By Geoff Dyer, Pantheon Books, 256 pages
Essayist Geoff Dyer makes things up. The muchhonored nonfiction writer admits as much in the opening “Note” to his t ravelogue Experiences From the Outside World: “Like my earlier blockbuster, Yoga for People Who Can’t Be Bothered to
this book is a mixture of fiction and nonfiction.” In truth, the fiction part of the equation is trivial, little more than such things as changing the name of his wife. But it separates his work from the usual nonfiction essay. “The main point is that the book does not demand to be read according to how far from a presumed dividing line — a line separating certain and the expectations they engender — it is assumed to stand,” Dyer writes. This is a book of thought as well as experience. Truth can be arbitrary, and sometimes imagination and the imaginer must be drawn in to get at it. In Dyer’s critical gonzoism, the fact-fiction question doesn’t matter, not as Dyer considers his relation to a spiral of stone in the Great Salt Lake, or examines his frustration when he fails to witness the Northern Lights on a long journey planned to include that experience. What he imagines are the whats and the whys beyond fact and fiction. It’s what makes his work fascinating.
Dyer’s well- informed imagination has defined much of his previous work. In 1991’s
he envisions conversations between Duke Ellington and Harry Carney, and adds his own chat with a photo of Bud Powell at the piano. The jazz book opens with a disclaimer similar to that in What follows,” he writes in the preface, “is as much imaginative criticism as fiction.” He’s personally involved in the storytelling. His small volume on how we came to understand World War I,
(1994), describes his hitchhiking around France to t he cemeteries where England’s war de a d are buried, collecting facts and impressions that inform the past as he imagines it.
Hitchhiking also plays a part in Dyer’s latest collect ion. In t he essay “White Sands,” Dyer is t he hitch and not the hiker. He and his wife are driving down U.S. 54 between Alamogordo and El Paso after a v i sit t o White Sands National Monument, an “unstained wilder ne s s ,” a pl ace so white that he finds it hard to believe. After the Dyers pick up the grateful man, a “pleasant atmosphere filled the car.” Then they pass a sign: “NOTICE / DO NOT PICK UP HITCHHIKERS / DETENTION FACILITIES IN AREA.” The mood suddenly changes.
Many of the nine essays in the book center on the role of aesthetic installations — particularly the art movement known as Land Art — and their impact on the viewer. (The book includes 10 numbered, it alicized, short i nterludes between essays that give brief glimpses into Dyer’s background and varied interests.) The effect of these creations is especially felt in the piece on Robert Smithson’s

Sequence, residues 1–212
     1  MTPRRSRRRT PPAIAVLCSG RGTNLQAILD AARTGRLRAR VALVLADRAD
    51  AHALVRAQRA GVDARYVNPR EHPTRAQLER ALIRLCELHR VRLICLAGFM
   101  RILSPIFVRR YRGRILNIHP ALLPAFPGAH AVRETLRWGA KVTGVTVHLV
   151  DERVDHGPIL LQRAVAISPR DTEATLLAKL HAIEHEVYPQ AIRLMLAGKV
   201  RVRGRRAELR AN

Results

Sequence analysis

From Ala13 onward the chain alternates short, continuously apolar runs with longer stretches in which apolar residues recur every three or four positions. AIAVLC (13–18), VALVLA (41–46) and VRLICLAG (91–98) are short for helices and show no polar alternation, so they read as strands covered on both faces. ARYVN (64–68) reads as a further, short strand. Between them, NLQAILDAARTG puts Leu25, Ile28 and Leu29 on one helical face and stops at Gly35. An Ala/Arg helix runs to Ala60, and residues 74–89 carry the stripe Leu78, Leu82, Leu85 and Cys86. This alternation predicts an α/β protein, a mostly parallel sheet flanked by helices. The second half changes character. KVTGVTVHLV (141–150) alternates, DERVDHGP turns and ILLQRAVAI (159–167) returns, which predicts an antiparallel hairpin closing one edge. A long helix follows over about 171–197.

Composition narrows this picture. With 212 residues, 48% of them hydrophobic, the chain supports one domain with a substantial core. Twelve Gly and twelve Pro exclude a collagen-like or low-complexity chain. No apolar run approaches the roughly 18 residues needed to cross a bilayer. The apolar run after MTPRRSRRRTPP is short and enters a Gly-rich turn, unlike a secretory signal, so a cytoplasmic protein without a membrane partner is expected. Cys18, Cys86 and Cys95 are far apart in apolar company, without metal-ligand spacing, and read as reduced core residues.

the salt-stained, circling construct that disappears and resurfaces with the shifting water level of the Great Salt Lake. Dyer, in a nod to the collective imagination, suggests that it might be more profound to visit the spiral when it’s not visible. A journey to the Watts Towers in South Central Los Angeles inspired by its presence on a jazz album cover becomes a discourse on what prompted Italian immigrant Simon Rodia to devote much of his life to assembling the sturdy landmark. The reason Dyer attributes to Rodia’s efforts is the opposite of the cliché about climbing Mount Everest: “because it wasn’t there.”
In Dyer’s mind, even our most modest intrusions into the landscape — remember that warning sign on the highway — can change everything. How long these effects last is situational. Time and space become interchangeable. Dyer’s experience visiting Walter De Maria’s near Quemado argues that such structures need to be seen in the same long-term perspective as sacred and prehistoric sites, even as he chronicles the moment-to-moment beauty of De Mari’s work.
New Mexico figures prominently in the book, and Dyer quotes D.H. Lawrence, another of the author’s interests, saying the state was “the greatest experience from the outside world that I ever had.” But New Mexico is only a stop on a particularly far-f lung itinerary that includes Beijing’s Forbidden City as well as Tahiti, the Arctic, and the American West at large. Los Angeles is a focus: Dyer has been living there since 2014, and he’s a writer-in-residence at the University of Southern California. That allows a pilgrimage to the former Brentwood abode of another of his interests: the German expatriate philosopher Theodor Adorno, who died in 1969. Los Angeles is also the site of the last journey described in the book, a trip down Venice Boulevard to a hospital where it’s determined Dyer’s had a stroke. It’s hard to imagine Dyer, even after the “tedium of life” is fully restored to him, feeling fatalistic and wanting to make each day count. “Life is so interesting I’d like to stick around forever, just to see what happens, how it all turns out.” We can only imagine. — Bill Kohlhaase